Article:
It is bound to happen eventually, right? A venture-backed company will break the drought and find an exit via IPO. Well, OpenTable filed with the SEC and is looking to raise up to $40MM in an initial public offering. If successful, OpenTable will be the first venture-backed IPO in several months.
There were only 6 venture-backed IPOs in 2008 and the common thought is that 2009 won’t do much better. So an early 2009 venture-backed IPO could bode well…but of course registering for an IPO doesn’t always mean the IPO goes through. At least 36 venture-backed companies cancelled their IPO plans in 2008.
As for OpenTable, I remember using its online restaurant reservation system in 2000 while living in San Francisco. Who knew I was an early adopter?
A wise man from Pomona once said “If you stay ready, you ain’t got to get ready.”
That’s the approach we should all take in 2009. Sure, venture-backed IPOs are rarer than brush-tailed rock-wallabies and capital is tighter than a 19th century corset. But that’s no excuse to be passive in 2009. If we aren’t ready, opportunity will pass us by.
Thus, one way I’m trying to stay ready in 2009 is by turning my law office into a “law lab” in order to increase productivity. I got rid of all the heavy furniture and replaced it with a contemporary/minimalist set from IKEA. (It was a no brainer since my desk was giving me ergonomic fits.) I also became more mobile by switching from a desktop to a laptop.
The following list are a few things entrepreneurs can do to “stay ready” in 2009:
1) If you are running a startup as a sole proprietorship or general partnership, incorporate your startup.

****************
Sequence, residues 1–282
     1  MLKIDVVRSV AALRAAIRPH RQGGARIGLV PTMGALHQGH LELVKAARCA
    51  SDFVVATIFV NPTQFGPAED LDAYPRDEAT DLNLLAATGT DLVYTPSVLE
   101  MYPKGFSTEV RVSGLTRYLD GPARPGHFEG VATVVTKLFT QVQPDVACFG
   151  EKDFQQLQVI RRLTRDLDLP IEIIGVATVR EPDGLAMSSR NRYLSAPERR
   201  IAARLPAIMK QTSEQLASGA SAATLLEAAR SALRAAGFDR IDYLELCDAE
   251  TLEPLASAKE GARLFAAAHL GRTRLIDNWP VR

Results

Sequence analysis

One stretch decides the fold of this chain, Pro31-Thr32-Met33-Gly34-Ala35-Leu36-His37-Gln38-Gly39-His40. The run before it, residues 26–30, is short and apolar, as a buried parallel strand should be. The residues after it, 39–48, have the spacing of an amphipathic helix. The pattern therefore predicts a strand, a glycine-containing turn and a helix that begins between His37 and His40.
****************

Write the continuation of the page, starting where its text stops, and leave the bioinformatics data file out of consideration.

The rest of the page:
2) If your startup has incorporated, but has not executed various corporate agreements like bylaws, draft those now.
3) If you had a co-founder leave your startup, figure out the equity situation now. Don’t wait until it’s time to raise capital or sell. It will be too late.
4) If you recently left a startup and/or plan to launch a new startup, make sure you aren’t subject to any restrictive covenants.
5) If you are about to hire someone or team up with someone on a startup, make sure they aren’t subject to any restrictive covenants.
Here’s to a 2009 filled with opportunity for us all.
Anyone else concerned about the lack of any IPO “exits” for venture-backed companies this quarter?. In fact, there weren’t any IPO exits this quarter which apparently hasn’t happened in 30 years. I decided to join the discussion and my comment trying to explain the lack of IPO exits is re-published below:
Like the article suggests, there are a couple different factors for the zilch IPO exits in 2Q 2008. 3 reasons for the lack of IPO exits (besides SOX stuff) are:
(1) Recent IPO exits have not done well – I think the statistic I remember from a couple months ago (NVCA presentation) was that only 28% of IPO exits (from 2007?) were trading above their IPO price.
(2) Cleantech/greentech takes a long time – Although keep in mind this, while a hot field, only comprises about 10% of funding. So there’s a bunch of capital going here the past 2 years (3.5B) that isn’t looking to exit anytime soon.
(3) Natural VC pattern – The number of first time fundings has increased every year since 2003, with 2007 being the best year post-bubble. Maybe the industry is just stuck between the not-a-lot-funded exit time/a-lot-funded early stage time?
It’s also worthwhile to look at the M&A exits, considering they have outnumbered IPO exits a little greater than 4:1 since 2004. While some of these exits were “fire sales” the quality of these exits is increasing every year. For first fundings from 1991 to 2000, M&A exists outpaced IPOs by a little more than 2:1. Currently, M&A exits are having a slow go of things. But there were still 56 M&A exits in Q1 2008.